There are three DASH UIs; DASHVisor, DASHEditor, and DASHMonitor.

DASHVisor is a supervisor of DASH environment of a user. It works as search viewer, and also as a controller of execution of PROCube. Editing PROCube, the user uses DASHVisor and DASHEditor. The user can search target object, observational dataset, and ``skeleton'' PROCube as well as engines with DASHVisor.

DASHEditor is a GUI-based pipeline (PROCube) constructor. We can construct a PROCube from scratch, or edit a PROCube in Data Bese. The components selected in DASHVisor are copied-and-pasted into a PROCube on DASHEditor.

After the built of the PROCube, the PROCube is ``executed'' from DASHVisor. The status of executing PROCubes is watched by DASHMonitor. DASHMonitor also sends a notice to the user by mail when the reduction ends.

All these components are written in JAVA2. We can use the GUIs not only on WSs but also on PCs.

As a image viewer, we adopt skycat, which is connected with DASHVisor, DASHEditor and DASHMonitor. We can browse the intermediate images with skycat while executing PROCubes.

Figure 2: A snapshot of DASH environment. DASH GUIs. DASHEditor(left), DASHVisor(top-right) and DASHMonitor(bottom-right) are running on Solaris.

4. Authentication and Access Control

The access to PROCubes, engines, and images in DASH is controlled under user/group authentication service of the SUBARU computer system. The authentication is done only when the user logs into the computer system (UNIX authentication).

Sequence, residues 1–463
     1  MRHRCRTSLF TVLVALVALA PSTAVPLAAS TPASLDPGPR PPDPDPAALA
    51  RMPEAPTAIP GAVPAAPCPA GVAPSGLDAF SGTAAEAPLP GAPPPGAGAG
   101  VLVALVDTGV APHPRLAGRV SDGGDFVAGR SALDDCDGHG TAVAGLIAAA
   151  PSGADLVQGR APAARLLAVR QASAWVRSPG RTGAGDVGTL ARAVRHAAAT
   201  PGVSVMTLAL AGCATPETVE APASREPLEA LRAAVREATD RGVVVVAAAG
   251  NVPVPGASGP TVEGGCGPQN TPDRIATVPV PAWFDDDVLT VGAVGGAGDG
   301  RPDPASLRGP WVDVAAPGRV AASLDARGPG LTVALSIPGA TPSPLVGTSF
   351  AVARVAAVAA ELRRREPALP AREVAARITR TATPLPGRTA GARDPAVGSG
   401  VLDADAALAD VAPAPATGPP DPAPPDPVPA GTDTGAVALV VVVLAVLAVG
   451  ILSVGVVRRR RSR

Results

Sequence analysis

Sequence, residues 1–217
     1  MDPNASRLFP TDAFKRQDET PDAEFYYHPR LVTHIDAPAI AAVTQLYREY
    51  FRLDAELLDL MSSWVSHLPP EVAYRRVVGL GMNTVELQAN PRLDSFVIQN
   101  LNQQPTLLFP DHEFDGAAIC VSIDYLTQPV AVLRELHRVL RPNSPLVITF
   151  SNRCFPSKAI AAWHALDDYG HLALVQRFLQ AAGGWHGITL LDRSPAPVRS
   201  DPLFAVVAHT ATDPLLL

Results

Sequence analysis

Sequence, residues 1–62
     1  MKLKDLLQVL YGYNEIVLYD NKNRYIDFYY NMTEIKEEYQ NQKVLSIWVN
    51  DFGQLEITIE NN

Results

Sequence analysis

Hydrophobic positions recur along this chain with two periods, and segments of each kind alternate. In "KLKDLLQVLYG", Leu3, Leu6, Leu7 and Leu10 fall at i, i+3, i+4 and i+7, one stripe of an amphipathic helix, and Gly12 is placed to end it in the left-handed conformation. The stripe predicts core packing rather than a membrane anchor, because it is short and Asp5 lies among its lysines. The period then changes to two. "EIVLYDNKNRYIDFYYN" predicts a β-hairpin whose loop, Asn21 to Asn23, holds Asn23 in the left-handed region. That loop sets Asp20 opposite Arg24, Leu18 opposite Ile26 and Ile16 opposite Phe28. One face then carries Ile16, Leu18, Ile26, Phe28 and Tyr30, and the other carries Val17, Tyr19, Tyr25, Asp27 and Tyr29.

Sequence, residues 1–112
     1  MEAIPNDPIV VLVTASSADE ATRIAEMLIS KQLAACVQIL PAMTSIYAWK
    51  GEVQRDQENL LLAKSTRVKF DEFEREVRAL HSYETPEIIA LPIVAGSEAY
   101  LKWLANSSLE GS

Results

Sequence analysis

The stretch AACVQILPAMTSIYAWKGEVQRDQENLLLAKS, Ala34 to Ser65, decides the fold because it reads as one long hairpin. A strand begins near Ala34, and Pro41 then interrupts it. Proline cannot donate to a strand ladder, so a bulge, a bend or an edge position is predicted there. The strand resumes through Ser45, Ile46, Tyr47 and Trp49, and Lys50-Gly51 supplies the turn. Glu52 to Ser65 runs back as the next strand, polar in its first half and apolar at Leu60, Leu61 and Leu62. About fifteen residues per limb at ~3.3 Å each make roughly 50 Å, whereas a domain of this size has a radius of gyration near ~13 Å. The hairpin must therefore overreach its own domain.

There are three levels of access permission, USER, GROUP and PUBLIC. USER data (PROCubes, engines and images) are one's own data. Anyone but the user can see or use it. The user can delete the data if the data are not registered. GROUP data are shared in a group, based on proposal-ID, and only the members of the group can make use of them. PUBLIC data can be used by any user. GROUP and PUBLIC data are deleted only by administrators.

When an user logging into DASH, his user-ID and the list of groups to which the user belongs are automatically obtained from the authentication server. The user can search and use PUBLIC data, his USER data, and all GROUP data of the groups he belongs to.


SASH, a stand-alone system for single use extracted from DASH, is designed for visitors who want to continue their analysis in their home institute. It has the same UI as DASH but does not use CORBA, for SASH is in a single machine. DASH uses DA/DB(STARS (Takata et al. 2000) and DASH DB) and SUBARU authentication system, which are difficult to export to other institutes. SASH does not need DA/DB, nor authentication services. The user environment of SASH is designed to be the same as DASH. The reduction in DASH is easily detached and exported to SASH, and that of SASH could be easily re-attached to DASH.


Kosugi, G., et al. 1998, Proc. SPIE, vol. 3349, 421

Mizumoto, Y., et al. 1998a, in ASP Conf. Ser., Vol. 145, Astronomical Data Analysis Software and Systems VII, ed. R. Albrecht, R. N. Hook, & H. A. Bushouse (San Francisco: ASP), 332

Mizumoto, Y., et al. 1998b, Proc. SPIE, vol. 3349, 173

Takata, T., et al. 1996, in ASP Conf. Ser., Vol. 101, Astronomical Data Analysis Software and Systems V, ed. G. H. Jacoby & J. Barnes (San Francisco: ASP), 251

Takata, T., et al. 2000, this volume, 157

Yagi, M., et al. 1999, in ASP Conf. Ser., Vol. 172, Astronomical Data Analysis Software and Systems VIII, ed. D. M. Mehringer, R. L. Plante, & D. A. Roberts (San Francisco: ASP), 375


... Kosugi1
Subaru Telescope, National Astronomical Observatory of Japan, Hilo, HI 96720, USA
... Takata2
Subaru Telescope, National Astronomical Observatory of Japan, Hilo, HI 96720, USA
... Ogasawara3
Subaru Telescope, National Astronomical Observatory of Japan, Hilo, HI 96720, USA

© Copyright 2000 Astronomical Society of the Pacific, 390 Ashton Avenue, San Francisco, California 94112, USA
Next: Data Acquisition by Switching
Up: User Interfaces, Visualization, Data Acquisition and Reduction